You may not have heard the name Ulla Kiiski. But the Finnish scientist’s breakthroughs in inventing renewable, non-fossil diesel are poised to go down in history. “Resilience against difficult odds runs in my blood,” she tells journalist Ninni Sandelius as we kick off our series interviewing the innovative people leading our industry into a more sustainable tomorrow.
Ulla Kiiski is the scientist whose team is behind the innovation that changed the course of the global fuel industry. And yet, like Sir Tim Berners-Lee, inventor of the internet, Kiiski would rather be working than posing for the cameras, more satisfied with her legacy than with fame and fortune.
Kiiski has worked for 33 years at the research center inside Neste, the Finnish oil refining company that has become the global leader in renewable fuels. Among the many patents she holds is one that sounds as unlikely today as it did 23 years ago when her team at Neste hit on it: a renewable, non-fossil fuel that can power planes, cars and boats.
Now 59, Kiiski is humble and matter-of-fact. And yet, like Berners-Lee or the scientist and inventor Nikola Tesla, it is just possible that her team’s work will one day be seen as a turning point in the human story, opening up new possibilities and striking a decisive blow against climate change.
To understand her unlikely journey to the forefront of the global move toward sustainable fuel resources, we need to look into her background, and the inspiration she takes from science, life and Finland itself.
Lessons from life
Ulla Kiiski was born in 1960 into a farming community in Liperi, near Joensuu in the North Karelia region of eastern Finland. Her parents farmed cattle and hay, and the children—she was the second-youngest of seven—were expected to help around the farm.
“Working has been an essential value throughout my life,” she says. “Our parents always believed that us children would manage if we only worked hard.”
It was in her later years of secondary school that Kiiski’s fascination with chemistry—and the journey toward her breakthrough—began. In fact, Kiiski can pinpoint it to the hour.
She remembers one particular lab assignment, in which she was asked to combine sodium and chlorine ions to make salt. “It was a revelation to witness how molecules are composed. I realized that this isn’t difficult. It’s fun and it’s fascinating!”
The pull of chemistry grew stronger on Kiiski through school, encouraged by an academically demanding teacher. “I found my teacher’s high expectations encouraging,” she says. “Setting the bar high has always come naturally to me. Always striving to do my best has guided me through my whole life.”
She went on to study chemistry at Joensuu, where she joined the research group of Tapani Pakkanen, a professor who taught physical chemistry, the study of how matter behaves on a molecular and atomic level, and how chemical reactions occur. He would go on to become an important mentor and inspiration, and Kiiski today acknowledges what she calls his “crucial” influence on her future.
Our everyday life is intertwined with so much chemistry that it’s sometimes hard to grasp.
Pakkanen led a dynamic team, introducing his students to his network in the chemical industry. They travelled to conferences and published articles. Under his supervision, Kiiski completed her master’s thesis in the field of catalysis.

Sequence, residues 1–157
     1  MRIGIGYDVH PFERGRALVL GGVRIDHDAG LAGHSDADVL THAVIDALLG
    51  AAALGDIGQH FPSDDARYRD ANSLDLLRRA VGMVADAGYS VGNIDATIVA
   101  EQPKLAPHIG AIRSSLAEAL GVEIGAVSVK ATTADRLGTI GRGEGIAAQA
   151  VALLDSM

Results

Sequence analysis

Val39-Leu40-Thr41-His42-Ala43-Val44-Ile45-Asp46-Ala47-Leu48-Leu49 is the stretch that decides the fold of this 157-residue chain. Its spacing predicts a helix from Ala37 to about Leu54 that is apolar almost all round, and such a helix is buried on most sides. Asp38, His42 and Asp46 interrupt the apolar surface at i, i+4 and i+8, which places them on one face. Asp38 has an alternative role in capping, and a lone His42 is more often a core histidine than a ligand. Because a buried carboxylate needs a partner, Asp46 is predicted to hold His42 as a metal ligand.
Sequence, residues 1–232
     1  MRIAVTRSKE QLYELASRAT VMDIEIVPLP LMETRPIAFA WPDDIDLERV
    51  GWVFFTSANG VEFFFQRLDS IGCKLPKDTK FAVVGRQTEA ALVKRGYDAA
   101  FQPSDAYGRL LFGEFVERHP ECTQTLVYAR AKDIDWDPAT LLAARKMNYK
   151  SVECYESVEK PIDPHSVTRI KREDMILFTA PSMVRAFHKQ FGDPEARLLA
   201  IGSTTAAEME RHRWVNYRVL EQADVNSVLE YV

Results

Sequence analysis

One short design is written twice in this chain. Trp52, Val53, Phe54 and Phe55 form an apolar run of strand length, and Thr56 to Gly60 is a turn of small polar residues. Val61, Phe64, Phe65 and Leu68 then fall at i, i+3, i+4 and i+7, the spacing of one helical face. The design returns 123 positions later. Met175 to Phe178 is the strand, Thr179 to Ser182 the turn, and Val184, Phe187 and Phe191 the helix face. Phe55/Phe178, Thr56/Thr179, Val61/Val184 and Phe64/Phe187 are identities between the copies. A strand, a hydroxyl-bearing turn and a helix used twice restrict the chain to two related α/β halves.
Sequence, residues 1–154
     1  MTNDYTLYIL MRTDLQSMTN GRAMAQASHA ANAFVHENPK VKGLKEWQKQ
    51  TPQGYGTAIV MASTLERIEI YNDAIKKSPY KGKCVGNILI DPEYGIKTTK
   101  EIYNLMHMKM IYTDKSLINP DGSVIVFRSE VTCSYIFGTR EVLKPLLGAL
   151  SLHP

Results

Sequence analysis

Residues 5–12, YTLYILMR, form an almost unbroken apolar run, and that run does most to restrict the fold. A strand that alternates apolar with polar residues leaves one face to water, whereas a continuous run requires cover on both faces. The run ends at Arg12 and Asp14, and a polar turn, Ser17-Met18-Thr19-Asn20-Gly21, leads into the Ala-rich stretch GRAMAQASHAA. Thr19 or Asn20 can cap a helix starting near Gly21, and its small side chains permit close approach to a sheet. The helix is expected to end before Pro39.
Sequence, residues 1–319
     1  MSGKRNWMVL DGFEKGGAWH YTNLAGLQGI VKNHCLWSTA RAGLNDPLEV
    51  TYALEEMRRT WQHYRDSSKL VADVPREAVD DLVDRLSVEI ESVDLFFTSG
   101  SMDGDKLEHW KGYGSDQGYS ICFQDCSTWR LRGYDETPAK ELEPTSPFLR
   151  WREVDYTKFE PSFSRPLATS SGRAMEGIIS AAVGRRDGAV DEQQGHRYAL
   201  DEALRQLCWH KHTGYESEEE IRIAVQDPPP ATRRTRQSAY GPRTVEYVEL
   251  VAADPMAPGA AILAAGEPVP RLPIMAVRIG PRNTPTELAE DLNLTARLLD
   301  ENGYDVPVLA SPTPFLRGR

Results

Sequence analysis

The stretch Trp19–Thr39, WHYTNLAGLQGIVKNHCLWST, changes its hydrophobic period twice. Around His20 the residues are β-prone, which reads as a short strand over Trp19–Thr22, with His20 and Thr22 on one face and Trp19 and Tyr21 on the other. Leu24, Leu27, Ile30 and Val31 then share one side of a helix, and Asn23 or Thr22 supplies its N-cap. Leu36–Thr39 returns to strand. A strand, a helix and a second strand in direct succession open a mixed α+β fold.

As Kiiski neared the completion of her studies, she considered becoming a teacher as her sister had before her, but her mentor intervened. “Tapani asked me, ‘Ulla, are you certain that teaching is what you aspire to do?’,” she recalls.
So instead, she chose chemistry and postgraduate studies. “I was very ambitious from the start. I knew that as a researcher I would have multiple opportunities in the field of chemistry.”
She also recognizes the element of adventure and quest in chemistry—a prospect that still inspires her to this day. “Thanks to chemistry, the welfare of humankind has been improved substantially,” she says, enthusiastically. “Think about all the innovations in medicine and food technology, for instance. Our everyday life is intertwined with so much chemistry that it’s sometimes hard to grasp.”
Pakkanen happened to know Outi Krause, the director of catalysis research at Neste, and the company gave her a grant for her postgraduate studies. That sealed her future. After two years, she had finished her degree and became a researcher at Neste’s research center .
Kiiski and her husband moved permanently to Porvoo at the beginning of 1987. She says she can’t overestimate how important a supportive partner has been to her career. “My husband quit his job because of this opportunity,” she says, admiringly. “Fortunately, he soon found work in Helsinki and we started a new chapter in our lives here.”
She nevertheless experienced a culture shock when arriving from east to southern Finland. “We north Karelians are rather talkative and open folk,” she laughs. “Neste has brought in people from all over Finland, and all over the world. But you always find something in common with your colleagues,” she says with a smile.
At the beginning of the 1990s, the world had started to change. The Cold War’s close had opened up new global agendas, and climate change was beginning to find traction as a reality. The Rio Earth Summit in 1992 showed that more action was needed. And when the world changed, so did the oil refining industry. There was a demand for renewable fuels.
When the patent application was accepted, someone asked: ‘Do we get cake?
At the time, Kiiski was studying catalytic processes—the ways in which molecules are shaped by catalysts. Part of her job was to compose written reports on new ventures in the field of oil refining.
In 1993, while working on a report on catalytic conversion of vegetable oils by hydrogenation, she became convinced that Neste should test this new technology. She could see the possibly outstanding properties of a new product: The renewable diesel produced with the technology would contain paraffinic hydrocarbons and no aromatics, meaning no smell, and was recognized to have beneficial properties like lower exhaust gas emissions; in short a top-quality paraffinic diesel. And she knew that Neste could utilize its existing oil refining technology and expertise in the process development.
Ensio Tukiainen, the director of research at the time, asked the still-young researcher to share her ideas. Won over by her case, he green-lit the project, and Kiiski and her colleagues started testing how catalysts would work with vegetable oils, namely rapeseed oil, known as canola oil in the US, and tall oil fatty acid.